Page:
UNITE! Activism to End Violence against Women and Girls

When tackling any sort of crime, it is very important that victims feel they can speak up and be listened to. It can be very hard to do that regarding gender-based violence. If violence is occurring in the home then women and girls might fear that it will get worse if they speak up, or that they might have nowhere to live and no way to support themselves.

When violence occurs within a relationship, there is often a mistaken belief that somehow the woman or girl is to blame – that they were “asking for it” because a mistake was made or they upset someone. This sense of guilt can also prevent victims from speaking up.

In conflict situations, the nature of the violence may cause a sense of shame such that the victim would rather try and block out the attack from their mind and pretend it did not happen.

On 30 November, the BBC reported that, on average, a woman is killed every two days in England and Wales, with 90 percent killed by men. Some of the families of those women believe their calls for help were ignored and that the women were not taken seriously or believed by the authorities tasked with protecting them.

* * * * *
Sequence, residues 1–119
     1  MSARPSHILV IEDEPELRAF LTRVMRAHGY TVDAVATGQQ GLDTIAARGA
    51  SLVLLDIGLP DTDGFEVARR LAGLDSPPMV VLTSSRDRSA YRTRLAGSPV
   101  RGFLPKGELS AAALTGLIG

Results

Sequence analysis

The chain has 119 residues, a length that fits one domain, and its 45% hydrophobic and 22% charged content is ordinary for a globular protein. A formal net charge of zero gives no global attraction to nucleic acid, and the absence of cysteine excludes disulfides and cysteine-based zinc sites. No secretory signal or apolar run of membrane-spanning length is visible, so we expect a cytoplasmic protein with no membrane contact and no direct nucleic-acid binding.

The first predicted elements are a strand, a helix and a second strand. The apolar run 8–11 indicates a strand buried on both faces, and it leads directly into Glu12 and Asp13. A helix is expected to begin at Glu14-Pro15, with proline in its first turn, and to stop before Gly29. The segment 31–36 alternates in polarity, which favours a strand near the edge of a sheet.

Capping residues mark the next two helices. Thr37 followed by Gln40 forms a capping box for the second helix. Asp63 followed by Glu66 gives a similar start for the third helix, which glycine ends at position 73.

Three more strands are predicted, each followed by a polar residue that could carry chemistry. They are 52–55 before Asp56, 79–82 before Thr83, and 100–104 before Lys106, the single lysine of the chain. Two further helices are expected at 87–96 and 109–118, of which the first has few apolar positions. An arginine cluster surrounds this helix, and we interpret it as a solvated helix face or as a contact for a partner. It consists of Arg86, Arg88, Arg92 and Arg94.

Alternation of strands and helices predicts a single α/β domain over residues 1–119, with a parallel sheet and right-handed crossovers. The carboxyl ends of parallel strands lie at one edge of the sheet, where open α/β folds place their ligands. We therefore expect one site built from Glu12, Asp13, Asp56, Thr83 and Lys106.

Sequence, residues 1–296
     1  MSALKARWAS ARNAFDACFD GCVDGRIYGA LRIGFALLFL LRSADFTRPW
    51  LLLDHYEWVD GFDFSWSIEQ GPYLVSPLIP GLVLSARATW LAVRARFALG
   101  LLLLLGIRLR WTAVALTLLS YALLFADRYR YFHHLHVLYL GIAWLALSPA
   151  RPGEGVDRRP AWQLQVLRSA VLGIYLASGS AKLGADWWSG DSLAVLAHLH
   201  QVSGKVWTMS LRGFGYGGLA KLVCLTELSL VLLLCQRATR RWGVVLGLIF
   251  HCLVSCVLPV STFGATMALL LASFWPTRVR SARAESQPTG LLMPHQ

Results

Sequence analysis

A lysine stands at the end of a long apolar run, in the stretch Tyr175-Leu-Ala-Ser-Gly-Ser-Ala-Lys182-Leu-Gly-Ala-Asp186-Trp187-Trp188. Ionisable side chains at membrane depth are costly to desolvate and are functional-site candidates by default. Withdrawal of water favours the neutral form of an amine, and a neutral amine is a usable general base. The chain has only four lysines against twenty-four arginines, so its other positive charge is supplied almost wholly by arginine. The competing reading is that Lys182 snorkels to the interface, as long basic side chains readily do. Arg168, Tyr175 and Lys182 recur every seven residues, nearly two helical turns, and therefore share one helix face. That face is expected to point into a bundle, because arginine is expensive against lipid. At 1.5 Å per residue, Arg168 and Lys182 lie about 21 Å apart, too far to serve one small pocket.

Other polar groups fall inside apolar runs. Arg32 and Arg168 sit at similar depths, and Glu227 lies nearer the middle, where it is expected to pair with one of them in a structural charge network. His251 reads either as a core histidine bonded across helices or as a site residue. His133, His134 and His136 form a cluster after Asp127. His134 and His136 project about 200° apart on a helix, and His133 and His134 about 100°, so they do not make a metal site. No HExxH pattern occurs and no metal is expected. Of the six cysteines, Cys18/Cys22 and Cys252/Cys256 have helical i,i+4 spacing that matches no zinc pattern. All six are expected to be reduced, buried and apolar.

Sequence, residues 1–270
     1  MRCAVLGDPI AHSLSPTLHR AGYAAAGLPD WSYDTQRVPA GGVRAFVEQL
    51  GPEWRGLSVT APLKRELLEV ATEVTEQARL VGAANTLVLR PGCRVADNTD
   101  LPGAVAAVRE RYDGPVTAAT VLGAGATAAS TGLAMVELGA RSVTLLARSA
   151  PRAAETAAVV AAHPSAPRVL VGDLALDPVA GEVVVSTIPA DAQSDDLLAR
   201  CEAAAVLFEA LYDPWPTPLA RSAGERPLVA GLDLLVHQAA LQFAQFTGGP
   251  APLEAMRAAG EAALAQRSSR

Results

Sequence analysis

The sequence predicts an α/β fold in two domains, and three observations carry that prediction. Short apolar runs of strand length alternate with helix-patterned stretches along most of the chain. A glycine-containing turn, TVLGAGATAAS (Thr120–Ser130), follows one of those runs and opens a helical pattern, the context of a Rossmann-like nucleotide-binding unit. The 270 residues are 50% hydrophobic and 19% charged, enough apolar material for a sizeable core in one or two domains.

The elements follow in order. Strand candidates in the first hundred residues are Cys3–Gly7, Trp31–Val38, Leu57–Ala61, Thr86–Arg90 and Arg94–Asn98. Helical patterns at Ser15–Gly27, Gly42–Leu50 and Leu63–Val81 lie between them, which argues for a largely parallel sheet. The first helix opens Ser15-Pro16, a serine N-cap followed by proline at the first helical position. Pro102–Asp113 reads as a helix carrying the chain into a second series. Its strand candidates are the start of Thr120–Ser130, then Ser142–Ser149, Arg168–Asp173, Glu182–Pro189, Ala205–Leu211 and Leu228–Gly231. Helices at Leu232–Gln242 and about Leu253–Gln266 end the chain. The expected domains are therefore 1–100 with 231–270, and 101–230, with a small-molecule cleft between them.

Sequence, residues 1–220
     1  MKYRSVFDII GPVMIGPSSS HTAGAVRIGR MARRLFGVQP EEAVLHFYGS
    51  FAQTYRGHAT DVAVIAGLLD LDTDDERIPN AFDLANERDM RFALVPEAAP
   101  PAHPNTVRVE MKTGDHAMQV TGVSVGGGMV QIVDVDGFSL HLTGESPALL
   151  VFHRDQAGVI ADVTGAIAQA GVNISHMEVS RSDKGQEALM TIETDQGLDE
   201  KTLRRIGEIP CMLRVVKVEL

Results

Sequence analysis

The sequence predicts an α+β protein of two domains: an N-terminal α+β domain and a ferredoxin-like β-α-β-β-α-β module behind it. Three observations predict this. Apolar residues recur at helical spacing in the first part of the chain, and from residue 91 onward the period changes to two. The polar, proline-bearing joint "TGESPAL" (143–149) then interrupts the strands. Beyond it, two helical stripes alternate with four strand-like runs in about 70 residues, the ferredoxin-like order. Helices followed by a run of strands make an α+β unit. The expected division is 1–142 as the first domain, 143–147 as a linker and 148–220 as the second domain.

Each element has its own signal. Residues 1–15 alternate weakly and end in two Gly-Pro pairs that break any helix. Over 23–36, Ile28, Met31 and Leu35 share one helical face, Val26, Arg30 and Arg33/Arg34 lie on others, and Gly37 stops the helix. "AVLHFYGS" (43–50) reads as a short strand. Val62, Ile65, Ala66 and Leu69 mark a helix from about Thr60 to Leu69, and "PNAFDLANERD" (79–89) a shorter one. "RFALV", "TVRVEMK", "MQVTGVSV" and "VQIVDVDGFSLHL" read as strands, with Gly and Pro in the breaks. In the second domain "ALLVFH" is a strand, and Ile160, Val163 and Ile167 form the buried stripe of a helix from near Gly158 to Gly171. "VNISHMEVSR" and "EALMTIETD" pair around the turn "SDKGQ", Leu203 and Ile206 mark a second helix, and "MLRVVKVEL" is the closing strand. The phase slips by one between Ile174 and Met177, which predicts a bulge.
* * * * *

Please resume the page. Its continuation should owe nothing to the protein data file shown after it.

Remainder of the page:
Gender-based violence is a terrible crime in all sorts of societies, in peace and in conflict. Recognising all people as being equal, and that women and girls cannot be used as an outlet for negative emotions such as anger, jealousy, vengeance or inadequacy, is critical to tackling it. In the meantime, support for survivors of gender-based violence will remain vital.

H.E. Aliya Mawani
Ambassador of Canada

H.E. Melissa Kelly
Ambassador of Australia

Mazen AboulHosn
Chief of Mission, International Organization for Migration (IOM)

Gediminas Varanavicius
EU Chargé d’Affaires a.i.

H.E. Haja Ishata Thomas
Ambassador of Sierra Leone

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